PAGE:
The Lapwai Valley is historically connected to the Nez Perce people, who have utilized the area for as long as can be remembered. The name Lapwai actually comes from the Nez Perce word “Thlap-Thlap,” which refers to a butterfly and the sound that its wings make. As a result of the abundance of butterflies in times past, the area has been referred to as the “Valley of Butterflies” and “Land or Place of the Butterfly.”
The rich history continued in 1805, when Captain Meriwether Lewis and William Clark passed through the area on their way to the Pacific with the Corps of Discovery.
In 1836, Presbyterian minister, Reverend Henry Harmon Spalding founded the Nez Perce Indian Mission at Lapwai Valley. It was the state’s first white settlement and where he established Idaho’s first school, developed its first irrigation system, and grew the state’s first potatoes.
In 1839, Rev. Spalding printed the Northwest’s first books, portions of the Bible, on the earliest printing press in the Pacific Northwest.
The area became apart of the Oregon Territory in 1848 and a part of the Nez Perce Indian Reservation in 1855. Less than ten years later, the area became part of the Idaho Territory in 1863. This was also at the time when troops were assigned to the Lapwai Valley and Fort Lapwai was established as a response to the 1860 gold rush happening on Nez Perce lands.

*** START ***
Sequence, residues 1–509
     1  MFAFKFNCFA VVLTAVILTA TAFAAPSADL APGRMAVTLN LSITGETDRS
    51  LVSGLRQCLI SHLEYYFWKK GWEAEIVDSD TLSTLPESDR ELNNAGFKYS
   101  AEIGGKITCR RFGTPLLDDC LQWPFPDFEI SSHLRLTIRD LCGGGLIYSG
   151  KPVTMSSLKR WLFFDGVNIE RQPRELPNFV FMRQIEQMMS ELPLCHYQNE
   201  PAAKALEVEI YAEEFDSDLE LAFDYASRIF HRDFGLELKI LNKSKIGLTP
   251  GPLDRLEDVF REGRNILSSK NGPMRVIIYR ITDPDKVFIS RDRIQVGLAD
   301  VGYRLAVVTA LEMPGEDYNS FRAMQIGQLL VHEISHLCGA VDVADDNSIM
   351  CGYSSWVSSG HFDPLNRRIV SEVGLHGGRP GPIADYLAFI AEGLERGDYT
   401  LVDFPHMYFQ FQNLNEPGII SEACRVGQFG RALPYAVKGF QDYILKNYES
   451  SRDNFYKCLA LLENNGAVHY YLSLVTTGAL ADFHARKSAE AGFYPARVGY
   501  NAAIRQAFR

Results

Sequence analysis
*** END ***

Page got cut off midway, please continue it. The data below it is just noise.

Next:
Fort Lapwai was in use from 1862 to 1885. It was here that General Oliver O. Howard met with the leaders of Nez Perce non-treaty bands on May 3, 1877, as they made one last attempt to remain on their land.
After 1885, when old Fort Lapwai ceased to function as a military fort, it was converted into a government Indian school, then a tuberculosis sanatorium with a hospital, then a boys and girls dormitory, and finally into a school under the direction of the Lapwai School District. It was called the Fort Lapwai Training School from 1891-1899.
Fort Lapwai became part of the State of Idaho when Idaho was admitted to the Union as the 43rd state in 1890.
The Northern Idaho Indian Agency, originally located at Spalding, was relocated to Fort Lapwai in 1904.
On January 11, 1911, the Nez Perce County Commissioners ratified the petition of Roy C. Lane for the Incorporation of the Village of Lapwai. There were over two hundred (200) residents residing within the boundaries of the proposed village at that time. William Siegrist, William J. Fenderson, A.J. Lucas, John C. Carlson and Roy C. Lane were appointed to act as Trustees for the Village of Lapwai until their successors were elected.
Lapwai remains as the seat of government for the Nez Perce Indian Nation and the Bureau of Indian Affairs (BIA) Northern Idaho Indian Agency.
Lapwai Valley Timeline
1805 – Lewis and Clark Corps of Discovery pass through the area.
1836 – Reverend Henry Harmon and Eliza Hart Spalding arrive and establish State’s first settlement.
1837 – First crop of potatoes planted in Idaho by Henry Spalding and Nez Perce.
1838 – Nez Perce Indian Mission and school, founded by Presbyterian minister Reverend Henry Harmon Spalding.